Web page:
Inheritance Patterns in
Vanderbilt Student Volunteers for Science
Spring 2006 (Revised 2/2/06)
Adapted from Reebops lesson, Girls and Science Camp
Purpose (Optional story)
Dragons are a curious type of creature. Amazingly, though, their genetics is
very similar to that of humans. Hagrid, the Gamekeeper at Hogwarts, wishes to
develop a herd of dragons for his Care of Magical Creatures class.
Unfortunately, he only has two dragons as of now. The purpose of this activity
is to determine what kinds of dragons Hagrid will have in his herd when (and if)
his two dragons decide to mate.
Interestingly, dragons make good tools for the investigation of meiosis.
Students will “create” baby dragons given genotypes that they determine by
selecting paper chromosomes.
Each cell in all living organisms contains hereditary information that is encoded
by a molecule called DNA (deoxyribonucleic acid). (Show students the model of
DNA) DNA is an extremely long molecule. When this long, skinny DNA molecule
is all coiled up and bunched together it is called a chromosome. (Show students
the picture of a chromosome) Each chromosome is a separate piece of DNA, so
a cell with eight chromosomes has eight long pieces of DNA. A gene is a
segment of the long DNA molecule. Different genes may be different lengths.
Each gene is a code for how a certain molecule can be made. The molecules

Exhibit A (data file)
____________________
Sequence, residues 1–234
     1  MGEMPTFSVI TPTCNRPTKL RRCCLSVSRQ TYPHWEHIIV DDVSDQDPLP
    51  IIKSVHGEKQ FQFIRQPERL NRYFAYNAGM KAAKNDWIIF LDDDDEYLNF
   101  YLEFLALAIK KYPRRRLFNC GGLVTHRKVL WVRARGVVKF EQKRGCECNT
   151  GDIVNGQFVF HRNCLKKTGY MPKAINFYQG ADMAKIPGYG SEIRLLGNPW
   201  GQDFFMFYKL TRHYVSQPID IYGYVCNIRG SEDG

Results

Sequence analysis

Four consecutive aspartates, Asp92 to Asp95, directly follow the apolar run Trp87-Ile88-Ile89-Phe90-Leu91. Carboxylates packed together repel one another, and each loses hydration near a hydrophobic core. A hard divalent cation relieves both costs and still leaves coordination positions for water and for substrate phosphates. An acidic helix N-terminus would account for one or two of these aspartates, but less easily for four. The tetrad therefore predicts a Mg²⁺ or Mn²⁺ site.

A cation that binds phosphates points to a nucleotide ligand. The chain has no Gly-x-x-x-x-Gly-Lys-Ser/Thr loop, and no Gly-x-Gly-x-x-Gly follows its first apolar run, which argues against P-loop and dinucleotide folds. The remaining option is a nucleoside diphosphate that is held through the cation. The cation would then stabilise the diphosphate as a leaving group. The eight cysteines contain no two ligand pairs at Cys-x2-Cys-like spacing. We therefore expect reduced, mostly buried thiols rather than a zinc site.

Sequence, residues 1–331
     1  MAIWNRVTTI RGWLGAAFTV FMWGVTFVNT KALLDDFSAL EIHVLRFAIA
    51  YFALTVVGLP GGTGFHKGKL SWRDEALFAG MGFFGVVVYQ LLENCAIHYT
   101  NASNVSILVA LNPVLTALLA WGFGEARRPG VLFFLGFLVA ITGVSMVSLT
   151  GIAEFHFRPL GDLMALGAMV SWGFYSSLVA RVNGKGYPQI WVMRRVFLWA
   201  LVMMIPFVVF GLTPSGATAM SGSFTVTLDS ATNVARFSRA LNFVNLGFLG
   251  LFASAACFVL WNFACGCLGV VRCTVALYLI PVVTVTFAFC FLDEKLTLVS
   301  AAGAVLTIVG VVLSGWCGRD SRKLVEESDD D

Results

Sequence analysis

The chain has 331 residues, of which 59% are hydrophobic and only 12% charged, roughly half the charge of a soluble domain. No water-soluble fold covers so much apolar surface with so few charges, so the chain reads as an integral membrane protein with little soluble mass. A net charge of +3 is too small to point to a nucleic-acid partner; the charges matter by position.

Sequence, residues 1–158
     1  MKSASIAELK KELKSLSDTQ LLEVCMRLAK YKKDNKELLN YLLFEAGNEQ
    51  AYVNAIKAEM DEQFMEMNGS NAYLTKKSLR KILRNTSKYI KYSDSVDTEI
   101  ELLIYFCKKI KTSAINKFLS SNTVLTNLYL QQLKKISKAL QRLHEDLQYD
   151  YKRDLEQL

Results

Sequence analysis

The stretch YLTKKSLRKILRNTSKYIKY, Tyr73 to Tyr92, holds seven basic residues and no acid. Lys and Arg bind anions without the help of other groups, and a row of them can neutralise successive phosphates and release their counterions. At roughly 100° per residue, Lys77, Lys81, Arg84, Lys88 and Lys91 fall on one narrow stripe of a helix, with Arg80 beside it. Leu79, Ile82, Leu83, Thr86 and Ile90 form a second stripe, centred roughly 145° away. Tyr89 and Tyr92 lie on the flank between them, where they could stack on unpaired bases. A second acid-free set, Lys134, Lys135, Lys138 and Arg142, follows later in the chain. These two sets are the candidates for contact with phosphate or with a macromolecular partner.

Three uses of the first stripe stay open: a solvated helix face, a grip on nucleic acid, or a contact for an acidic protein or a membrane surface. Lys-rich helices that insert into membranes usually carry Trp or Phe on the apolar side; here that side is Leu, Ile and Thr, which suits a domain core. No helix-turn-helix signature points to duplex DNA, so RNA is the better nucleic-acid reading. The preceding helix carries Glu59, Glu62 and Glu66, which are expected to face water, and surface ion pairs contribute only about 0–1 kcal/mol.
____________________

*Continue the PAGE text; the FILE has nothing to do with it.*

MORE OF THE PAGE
produced by the genes can generally be sorted into two different types: ones
that run the chemical reactions in your body, and ones that will be the structural
components of your body. How an organism looks and functions is a result of the
cumulative effect of all the molecules. Any organism that has “parents” has an
even number of chromosomes, because half of the chromosomes come from the
“father” and the other half from the “mother.” For example, in plants, a pollen
grain is the “father’s” contribution and an ovule is the “mother’s” contribution.
These two cells combine to make a single cell, which will grow into a seed (the
Humans have 46 chromosomes. The chromosomes sort into 23 pairs. One
chromosome in each of the 23 pairs is from the person’s father, the other from
the person’s mother. Since chromosomes come in pairs, genes do too. One gene
is located on one member of chromosome pair, the other gene is in the same
location on the opposite chromosome. The gene “pair” is technically referred to
as a gene, as both members of the pair code for the same trait. A gene can
consist of a variety of different forms, but only two forms are ever present per
gene (one from the mother, the other from the father). The two different gene
forms on the pair of chromosomes may be identical or different. The different
forms that comprise a gene are called alleles.
Materials (for 30 students)
10 boxes of crayons (24 crayons per box)
15 sets of trait strips (14 strips in each set)
15 Dragon Keys and “How to Draw Dragon Parts” (in sheet protectors)
30 Dragon Worksheets
1 DNA model
1 picture of chromosome
Each partner should each have a set of different colored chromosomes. (It
does not matter who gets which color, as long as each person has a different
Tell the students that:
One set of strips represent the chromosomes from the mother (female)
dragon. The other set represents chromosomes from the father (male)
Each STRIP represents a CHROMOSOME. Each strip has a letter, –
either uppercase or lowercase. The uppercase letters represent a